The tissue punch guide setter has a cylindrical shape having a diameter and two ends. One end is adapted to be positioned towards the implant or an implant analog. The tissue punch guide setter is tapered at the end directed to the analaog to the tissue punch guide setter to readily seat against the implant. The diameter of the tissue punch guide setter is substantially equal to the diameter of the tissue punch. Preferably, the tissue punch guide setter has an opening extending radially therethrough, capable of receiving a screw. The opening of the tissue punch guide setter cooperates with an opening in the implant. The tissue punch guide setter is positioned in the same position with respect to the implant analog as the index assembly had assumed previously.

The tissue punch guide is a cylindrical sleeve having an axial length, an inside diameter, and two ends. The tissue punch guide is adapted to slidably receive the tissue punch guide setter and the tissue punch about the inside diameter. The axial length of the tissue punch guide is sized to provide adequate support as a guide surface for the tissue punch, and the tissue punch guide setter, yet provide clearance from the soft tissues apical to the stent. While the tissue punch guide setter is positioned on the implant or implant analog, the tissue punch guide is secured to the stent. Preferably the tissue punch guide is secured with an acrylic adhesive to permanently record the position of the implant or implant analog. After the tissue punch guide is permanently affixed to the stent, the tissue punch guide setter may be removed from the stent, and the implant or implant analog.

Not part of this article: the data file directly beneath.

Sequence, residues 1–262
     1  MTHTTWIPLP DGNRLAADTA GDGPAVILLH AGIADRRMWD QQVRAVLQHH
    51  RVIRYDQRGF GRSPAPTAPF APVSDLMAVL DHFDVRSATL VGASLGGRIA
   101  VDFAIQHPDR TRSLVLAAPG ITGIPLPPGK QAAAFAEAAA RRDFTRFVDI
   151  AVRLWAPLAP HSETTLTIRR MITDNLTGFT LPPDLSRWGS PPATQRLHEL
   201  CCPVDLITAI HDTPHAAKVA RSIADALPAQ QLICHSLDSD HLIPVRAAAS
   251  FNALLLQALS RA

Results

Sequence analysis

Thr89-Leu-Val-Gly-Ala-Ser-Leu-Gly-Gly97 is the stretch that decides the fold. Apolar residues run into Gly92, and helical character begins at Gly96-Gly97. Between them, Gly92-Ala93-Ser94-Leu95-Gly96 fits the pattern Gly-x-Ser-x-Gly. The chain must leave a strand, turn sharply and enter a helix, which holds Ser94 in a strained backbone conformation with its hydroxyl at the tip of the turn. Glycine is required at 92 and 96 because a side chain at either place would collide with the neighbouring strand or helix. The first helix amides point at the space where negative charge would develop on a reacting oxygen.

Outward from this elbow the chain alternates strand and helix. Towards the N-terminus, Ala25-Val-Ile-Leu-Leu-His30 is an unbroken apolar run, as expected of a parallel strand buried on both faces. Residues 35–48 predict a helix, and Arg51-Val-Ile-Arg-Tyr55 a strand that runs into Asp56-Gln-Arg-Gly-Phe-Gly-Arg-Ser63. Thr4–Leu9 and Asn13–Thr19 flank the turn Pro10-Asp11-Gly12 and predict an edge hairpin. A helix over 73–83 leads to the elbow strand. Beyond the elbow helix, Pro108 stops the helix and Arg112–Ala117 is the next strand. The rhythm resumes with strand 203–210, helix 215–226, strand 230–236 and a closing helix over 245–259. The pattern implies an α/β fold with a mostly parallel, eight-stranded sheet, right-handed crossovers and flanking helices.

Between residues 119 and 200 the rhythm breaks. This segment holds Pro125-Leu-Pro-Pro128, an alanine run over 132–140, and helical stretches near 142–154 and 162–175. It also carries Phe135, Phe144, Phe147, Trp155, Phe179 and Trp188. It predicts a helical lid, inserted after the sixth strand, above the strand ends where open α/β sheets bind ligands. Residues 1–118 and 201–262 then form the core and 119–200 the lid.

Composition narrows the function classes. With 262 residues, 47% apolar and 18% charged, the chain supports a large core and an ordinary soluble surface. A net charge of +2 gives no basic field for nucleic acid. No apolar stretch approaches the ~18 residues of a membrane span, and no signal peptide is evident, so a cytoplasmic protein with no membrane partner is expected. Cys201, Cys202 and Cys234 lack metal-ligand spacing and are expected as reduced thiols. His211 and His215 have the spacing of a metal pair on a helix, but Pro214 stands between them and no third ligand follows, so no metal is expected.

At the second stage surgery, the oral surgeon positions the stent carrying the tissue punch guide in place in the patient's mouth. The stent records the position of the implant in relation to the surface features to which the stent is received. The oral surgeon inserts the tissue punch through the tissue punch guide and works the tissue punch through the gum to the implant. With the implant exposed, the oral surgeon can mount the selected abutment.

Features of the index assembly and the tissue punch assembly can be combined. Combining aspects of the tissue punch assembly and the index assembly simplifies the use of the assemblies.

One embodiment of the present device features a tissue punch guide which is capable of slidably receiving an index assembly. The tissue punch guide is capable of releasibly securing the index assembly to the stent. The index assembly act in the manner of the tissue punch guide setter, to set the position of the tissue punch guide with respect to the implant.

One embodiment of the tissue punch guide features a pin which is received in an opening in the tissue punch guide and indexing to immobilize the two elements with respect to each other.

Thus, the index assembly is secured to the stent through the tissue punch guide. The index assembly is adapted to be released from the tissue punch guide and reassembled to allow the transfer of the respective position of the implant to a cast. The tissue punch guide is secured to the stent by suitable means such as acrylic and need not be disturbed for later applications.